One man who had an Imprisonment for Public Protection (IPP) order imposed on him is now campaigning to free others who should have been released years ago.
IPP was scrapped in 2012 after the government accepted the indeterminate sentences were unjust, but ministers failed to wipe out the convictions of thousands who were already behind bars.
Today, over 1,400 people remain incarcerated with no hope on the horizon.
The "lock them up and throw away the key" law was introduced by hardline former Labour Home Secretary (now Lord) David Blunkett in 2005 and came into practice in 2007.
Lord Blunkett has since admitted his idea was a bad one, which was repealed five years later. But the damage was already done for thousands of offenders given IPP sentences, who were disproportionately black and minority ethnic.
Andrew Morris was convicted of five charges in 2007 after a domestic incident which he regrets, but in which nobody was physically harmed.
Morris would have expected to get a maximum tariff of five years but ended up serving 12 long years in prison before being eventually released in 2019, and says he would still be behind bars if he had not challenged the system.
He said: “When I got the sentence nobody was able to explain to me exactly what it meant, be that probation, lawyers, or prison staff.
The psychological damage of those effectively serving a life sentence, without actually having been given life is palpable.
Many have been locked up with no date for freedom in sight, and some have died behind bars having given up hope.
Government figures obtained by The Voice publication show that in June 2022 there were 1,492 prisoners including men and women serving IPP sentences with no end date.
Of that number, 22 percent (335) are identified as from a non-white background, higher than the current non-white population of 19 percent. It is believed the disproportionality for African and Caribbean inmates is much higher.
Morris commented: “During the time that I was in custody I noticed in terms of tariffs, African Caribbean and Asian sentenced people were disproportionately higher than their white counterparts. My experience is that systemic racism is alive and well.
“I was told under the act I was dangerous, so I would be given an indeterminate sentence. But I now effectively work for the Ministry of Justice which kept me in prison. If I was dangerous then, what’s changed from then to now?”
The law was designed to keep serious offenders in prison for as long as necessary, without a life sentence being handed out.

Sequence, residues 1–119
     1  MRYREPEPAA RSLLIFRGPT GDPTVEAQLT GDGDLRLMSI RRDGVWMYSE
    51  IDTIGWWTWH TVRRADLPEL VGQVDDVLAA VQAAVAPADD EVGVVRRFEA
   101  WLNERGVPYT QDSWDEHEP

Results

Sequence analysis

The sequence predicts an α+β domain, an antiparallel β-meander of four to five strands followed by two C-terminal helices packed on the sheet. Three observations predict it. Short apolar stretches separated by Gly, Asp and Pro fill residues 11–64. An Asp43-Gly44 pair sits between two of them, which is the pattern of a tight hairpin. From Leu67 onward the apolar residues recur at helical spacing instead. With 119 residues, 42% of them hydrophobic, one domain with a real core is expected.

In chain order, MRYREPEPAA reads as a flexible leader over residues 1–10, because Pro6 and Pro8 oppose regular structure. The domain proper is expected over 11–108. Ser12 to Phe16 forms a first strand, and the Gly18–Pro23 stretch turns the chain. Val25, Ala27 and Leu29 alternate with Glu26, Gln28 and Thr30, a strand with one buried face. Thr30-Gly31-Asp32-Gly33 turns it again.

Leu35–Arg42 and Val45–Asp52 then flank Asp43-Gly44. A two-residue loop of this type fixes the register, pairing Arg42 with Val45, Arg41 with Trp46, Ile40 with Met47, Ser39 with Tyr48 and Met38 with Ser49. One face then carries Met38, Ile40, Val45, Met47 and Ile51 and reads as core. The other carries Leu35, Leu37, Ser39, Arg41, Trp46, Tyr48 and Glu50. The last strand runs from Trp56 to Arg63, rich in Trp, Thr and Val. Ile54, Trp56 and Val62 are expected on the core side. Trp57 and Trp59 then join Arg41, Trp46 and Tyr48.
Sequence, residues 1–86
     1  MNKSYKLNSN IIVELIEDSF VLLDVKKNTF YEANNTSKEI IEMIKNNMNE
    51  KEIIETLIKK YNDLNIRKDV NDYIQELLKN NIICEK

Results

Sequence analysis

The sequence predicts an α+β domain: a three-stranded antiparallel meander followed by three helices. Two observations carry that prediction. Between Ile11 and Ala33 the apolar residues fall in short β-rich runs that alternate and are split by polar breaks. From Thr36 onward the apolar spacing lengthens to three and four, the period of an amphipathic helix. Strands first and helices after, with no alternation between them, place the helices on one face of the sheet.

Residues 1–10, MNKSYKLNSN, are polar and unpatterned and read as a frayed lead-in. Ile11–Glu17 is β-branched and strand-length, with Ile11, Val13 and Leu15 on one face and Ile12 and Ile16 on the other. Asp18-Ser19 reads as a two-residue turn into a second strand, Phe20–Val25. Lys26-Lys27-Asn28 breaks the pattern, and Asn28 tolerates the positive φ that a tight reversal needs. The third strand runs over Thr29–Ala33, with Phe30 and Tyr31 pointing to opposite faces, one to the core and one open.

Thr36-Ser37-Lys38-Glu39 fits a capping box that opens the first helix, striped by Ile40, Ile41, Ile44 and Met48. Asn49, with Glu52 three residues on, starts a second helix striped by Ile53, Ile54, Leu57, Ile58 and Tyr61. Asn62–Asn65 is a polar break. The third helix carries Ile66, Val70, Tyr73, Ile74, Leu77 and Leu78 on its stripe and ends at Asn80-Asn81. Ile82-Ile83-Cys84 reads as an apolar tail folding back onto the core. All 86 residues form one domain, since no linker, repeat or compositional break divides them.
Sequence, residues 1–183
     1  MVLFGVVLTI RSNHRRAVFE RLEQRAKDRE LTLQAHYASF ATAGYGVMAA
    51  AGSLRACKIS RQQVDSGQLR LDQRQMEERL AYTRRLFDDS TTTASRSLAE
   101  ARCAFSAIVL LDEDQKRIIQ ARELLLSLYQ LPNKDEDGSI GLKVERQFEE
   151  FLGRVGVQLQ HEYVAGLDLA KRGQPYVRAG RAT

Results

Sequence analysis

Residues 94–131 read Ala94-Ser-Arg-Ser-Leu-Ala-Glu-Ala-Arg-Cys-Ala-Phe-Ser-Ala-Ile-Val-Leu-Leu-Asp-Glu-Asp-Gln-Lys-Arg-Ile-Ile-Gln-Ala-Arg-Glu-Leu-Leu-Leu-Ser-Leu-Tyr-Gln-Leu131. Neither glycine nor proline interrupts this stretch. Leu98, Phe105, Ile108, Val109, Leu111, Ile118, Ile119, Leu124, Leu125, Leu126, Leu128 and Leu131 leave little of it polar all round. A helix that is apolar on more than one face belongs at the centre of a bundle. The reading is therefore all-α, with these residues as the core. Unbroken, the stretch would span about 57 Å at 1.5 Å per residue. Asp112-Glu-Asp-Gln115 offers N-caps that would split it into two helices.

Under the IPP after a prisoner has served a minimum term their release is at the discretion of the parole board. If they rule the person is a threat to the public, they can keep the prisoner behind lock and key indefinitely, regardless of the crime.
Morris is not the only one impacted by the ongoing effects of an obscure law.
Donna Mooney’s brother Tommy Nicol was jailed in 2009 after stealing a car and causing a non-life threatening injury.
Nicol took his own life in 2015, two years after he would have been released were it not for his IPP sentence. He was 37.
He had received a number of parole knock-backs, which took their toll.
Mooney said her brother had complained of “psychological torture”, not knowing when he’d ever be released, and went on hunger strike. He also suffered long periods in solitary confinement.
Nicol was continuously moved through the prison system with his mental health issues sidelined despite being assessed as needing support.
Before his death, Nicol was imprisoned in an unfurnished cell in HMP Mount in Hemel Hempstead.
A video at his inquest showed prison officers manhandling Nicol during a mental health crisis.
Mooney says her brother Tommy would still be alive if he’d been aware at least of a release date.
A cross-party inquiry of MPs heavily criticised IPP sentencing and the fact that so many were still incarcerated long after the policy had been scrapped.
But last month the government rejected the Justice Committee findings, prompting Conservative chair of the inquiry, Bob Neill, to criticise his own party, saying: “The nettle has not been grasped and, as a result, these people will remain held in an unsustainable limbo.”
The Prison Reform Trust said that IPP sentences “cast a long shadow over our justice system years after its abolition.”
A spokesperson said: “Thousands of people have been held in prison for many years longer than they could ever have anticipated; and a lack of adequate support sadly sees many returning back there after they’ve secured their release.
“The House of Commons Justice Committee was unequivocal in its call that government, judiciary and parliament must act together to end the injustice which the sentence represents, marking a serious cross-party attempt to right a terrible historic wrong.
“The blanket refusal of the government - that every person serving an IPP should have their sentence reviewed and replaced - suggests we have a Ministry of Justice in name only.”
Mooney added: “Everyone deserves a second chance. We base our criminal justice system on justice yet the IPP is punishment and psychological torture. It’s not fair justice in any shape or form.”
The Parole Board for England and Wales denied they treated IPP prisoners unfairly